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Day 2 of Sustainable Finance Week examines impact of family offices on sustainable investing

09 June 2021

Experts from across the private wealth space discussed the difficulties but also the opportunities of balancing a just transition with net zero ambitions at the second day of Guernsey Finance’s Sustainable Finance Week.

Day two examined the motivations and drivers of owners of private capital, looking specifically at the impact of family offices on sustainable investing.

In summing up the morning’s events, Giles Neville of Cazenove Capital, the sponsor of day two, said: “What we need to do as an industry, is do the right thing and do it in a transparent way. Avoid greenwashing. And I think the most important word that had recurred this morning, is to do it with intention.”

Another key takeaway from the discussions was how institutions are largely focused on and driven by regulations, principles and voluntary disclosures. There is a growing expectation from the market and LPs [limited partners] that institutions should be considering these principles and disclosures.

However, delegates noted that families, high net worth individuals and private investors are much more driven by the impact their investments can make.

Rennie Hoare of C. Hoare & Co., a family-owned private bank, says the trend now is towards impact investing and building in impact across the whole portfolio rather than putting a small portion of capital towards philanthropy.

Families can be intentional with their impact investing, he added.

“Private families have the opportunity to be passionate about a topic and they can think about how to bring in more capital into a particular social or environmental challenge.”

Oliver Gregson of J.P.Morgan Private Bank identified five key drivers creating change in sustainable investing – our changing world, investor preferences, public policy, risk and return, and greater availability of sustainable projects in which to invest.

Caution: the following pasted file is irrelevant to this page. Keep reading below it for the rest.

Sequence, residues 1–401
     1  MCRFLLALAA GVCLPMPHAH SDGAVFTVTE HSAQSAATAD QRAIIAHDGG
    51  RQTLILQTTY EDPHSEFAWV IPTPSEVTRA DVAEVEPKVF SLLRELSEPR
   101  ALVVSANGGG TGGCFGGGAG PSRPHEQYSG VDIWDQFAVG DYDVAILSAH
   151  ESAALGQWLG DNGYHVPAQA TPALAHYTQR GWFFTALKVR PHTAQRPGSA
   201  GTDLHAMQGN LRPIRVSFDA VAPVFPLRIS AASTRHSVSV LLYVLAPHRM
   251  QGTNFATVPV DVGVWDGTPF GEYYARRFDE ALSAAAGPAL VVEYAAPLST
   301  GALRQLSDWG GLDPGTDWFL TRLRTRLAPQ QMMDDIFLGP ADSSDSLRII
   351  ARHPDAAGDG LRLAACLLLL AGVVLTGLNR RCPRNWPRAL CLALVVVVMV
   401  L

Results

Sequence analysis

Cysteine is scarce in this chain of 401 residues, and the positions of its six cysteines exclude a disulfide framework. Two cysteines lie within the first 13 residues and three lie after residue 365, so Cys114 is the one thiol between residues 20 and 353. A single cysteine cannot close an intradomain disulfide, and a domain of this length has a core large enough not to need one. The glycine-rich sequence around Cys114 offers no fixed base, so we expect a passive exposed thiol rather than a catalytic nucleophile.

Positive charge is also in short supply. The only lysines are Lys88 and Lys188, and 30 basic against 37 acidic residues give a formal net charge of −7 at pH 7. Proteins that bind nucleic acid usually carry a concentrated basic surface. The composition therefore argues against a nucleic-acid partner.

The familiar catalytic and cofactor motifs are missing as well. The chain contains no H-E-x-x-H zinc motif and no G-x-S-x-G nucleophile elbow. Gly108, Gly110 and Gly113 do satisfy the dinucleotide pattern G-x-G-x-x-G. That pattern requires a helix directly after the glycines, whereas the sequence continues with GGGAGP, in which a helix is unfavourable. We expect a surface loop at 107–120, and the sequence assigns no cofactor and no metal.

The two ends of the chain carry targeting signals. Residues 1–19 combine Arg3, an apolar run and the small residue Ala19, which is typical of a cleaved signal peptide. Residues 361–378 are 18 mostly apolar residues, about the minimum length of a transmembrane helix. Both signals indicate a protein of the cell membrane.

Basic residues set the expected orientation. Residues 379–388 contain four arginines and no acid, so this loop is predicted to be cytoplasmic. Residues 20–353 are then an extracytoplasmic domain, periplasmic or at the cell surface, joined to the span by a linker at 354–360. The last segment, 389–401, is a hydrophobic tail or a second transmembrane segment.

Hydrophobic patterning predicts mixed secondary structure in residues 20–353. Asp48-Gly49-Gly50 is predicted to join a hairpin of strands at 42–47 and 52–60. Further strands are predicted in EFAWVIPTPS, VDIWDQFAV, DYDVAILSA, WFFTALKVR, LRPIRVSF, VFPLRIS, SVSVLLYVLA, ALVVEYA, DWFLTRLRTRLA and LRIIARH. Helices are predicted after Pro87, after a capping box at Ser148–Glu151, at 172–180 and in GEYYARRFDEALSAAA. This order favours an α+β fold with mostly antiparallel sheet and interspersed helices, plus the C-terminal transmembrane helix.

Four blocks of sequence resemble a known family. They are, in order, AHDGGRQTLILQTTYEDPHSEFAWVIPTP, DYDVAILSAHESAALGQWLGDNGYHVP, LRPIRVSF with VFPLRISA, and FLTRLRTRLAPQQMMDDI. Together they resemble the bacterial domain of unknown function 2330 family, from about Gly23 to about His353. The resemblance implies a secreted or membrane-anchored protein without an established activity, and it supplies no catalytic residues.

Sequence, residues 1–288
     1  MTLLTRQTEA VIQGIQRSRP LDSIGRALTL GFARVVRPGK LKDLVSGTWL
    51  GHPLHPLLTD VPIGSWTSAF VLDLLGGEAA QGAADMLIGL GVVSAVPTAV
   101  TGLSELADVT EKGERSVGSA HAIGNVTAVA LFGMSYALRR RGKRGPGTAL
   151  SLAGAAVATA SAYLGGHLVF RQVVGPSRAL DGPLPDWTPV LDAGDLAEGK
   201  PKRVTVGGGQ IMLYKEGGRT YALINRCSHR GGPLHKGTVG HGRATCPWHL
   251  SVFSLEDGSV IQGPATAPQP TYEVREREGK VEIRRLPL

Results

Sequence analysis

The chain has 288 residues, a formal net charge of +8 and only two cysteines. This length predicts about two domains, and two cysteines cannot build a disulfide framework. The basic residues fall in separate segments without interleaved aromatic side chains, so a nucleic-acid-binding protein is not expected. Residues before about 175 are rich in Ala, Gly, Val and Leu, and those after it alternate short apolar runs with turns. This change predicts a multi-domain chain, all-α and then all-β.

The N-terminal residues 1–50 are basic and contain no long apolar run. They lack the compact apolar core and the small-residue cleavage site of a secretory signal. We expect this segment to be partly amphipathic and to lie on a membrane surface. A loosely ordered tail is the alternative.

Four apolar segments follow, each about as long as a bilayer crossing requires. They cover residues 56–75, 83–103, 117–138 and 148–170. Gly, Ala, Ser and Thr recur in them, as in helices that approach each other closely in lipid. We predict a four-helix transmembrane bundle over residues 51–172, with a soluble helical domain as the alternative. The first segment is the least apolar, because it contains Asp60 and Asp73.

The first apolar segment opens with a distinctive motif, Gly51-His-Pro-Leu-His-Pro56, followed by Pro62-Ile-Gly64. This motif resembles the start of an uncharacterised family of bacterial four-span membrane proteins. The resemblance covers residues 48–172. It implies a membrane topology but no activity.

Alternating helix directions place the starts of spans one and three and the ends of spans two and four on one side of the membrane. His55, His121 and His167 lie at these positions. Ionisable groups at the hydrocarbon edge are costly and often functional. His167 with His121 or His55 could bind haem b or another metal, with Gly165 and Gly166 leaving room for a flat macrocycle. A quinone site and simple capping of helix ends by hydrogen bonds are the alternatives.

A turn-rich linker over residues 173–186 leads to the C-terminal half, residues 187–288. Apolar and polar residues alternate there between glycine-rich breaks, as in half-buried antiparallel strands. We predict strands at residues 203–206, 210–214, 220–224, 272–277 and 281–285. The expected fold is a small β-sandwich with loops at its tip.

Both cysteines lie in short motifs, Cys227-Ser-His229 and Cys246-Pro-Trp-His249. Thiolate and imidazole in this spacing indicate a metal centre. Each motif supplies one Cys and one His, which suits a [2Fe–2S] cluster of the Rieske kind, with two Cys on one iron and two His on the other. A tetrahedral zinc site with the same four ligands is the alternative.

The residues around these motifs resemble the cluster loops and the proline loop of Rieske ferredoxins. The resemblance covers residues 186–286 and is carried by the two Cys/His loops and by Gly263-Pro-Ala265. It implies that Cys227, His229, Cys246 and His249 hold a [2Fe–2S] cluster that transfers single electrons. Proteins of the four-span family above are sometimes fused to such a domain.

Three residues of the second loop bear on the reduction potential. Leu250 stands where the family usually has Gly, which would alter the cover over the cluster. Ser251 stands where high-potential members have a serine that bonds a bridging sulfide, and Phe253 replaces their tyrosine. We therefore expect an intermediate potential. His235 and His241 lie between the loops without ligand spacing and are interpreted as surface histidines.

He said the risk and return agenda has moved on leaps and bounds, with profit no longer the primary driver for private clients. Investors now understand this is what good looks like going forward. He added that companies with high ESG [environmental, social and governance] ratings see better returns and experience lower risk.

Giles Neville added: “The trend towards sustainable investing might have been catalysed by the younger generation but investors across all ages are understanding its positive impact.”

With a 30-year career in investment banking behind her, Marisa Drew of Credit Suisse, who described herself as ‘evangelical’ on ESG, said it would be a wonderful legacy to take her experience to mobilise capital to sustainability.

Barnaby Molloy, a director of event organiser Guernsey Finance, agreed with that sentiment, adding: “When Guernsey Green Finance was formed back in 2018 it was our intention to use the island’s five decades of expertise as a specialist financial services centre to translate our skillset across to the sustainable space and create a positive legacy for Guernsey in the mobilisation of capital flows.

“The positive response we have had to our Sustainable Finance Week event from across the globe demonstrates how successful that aspiration has been so far.”

Mr Molloy added: “What has been really wonderful over the past two days is how our guests, beaming in from all corners of the globe, were so excited to see that we can host a physical event here in Guernsey.”

The third and final day of Sustainable Finance week, which takes place on Thursday 10 June, focuses on the insurance industry.

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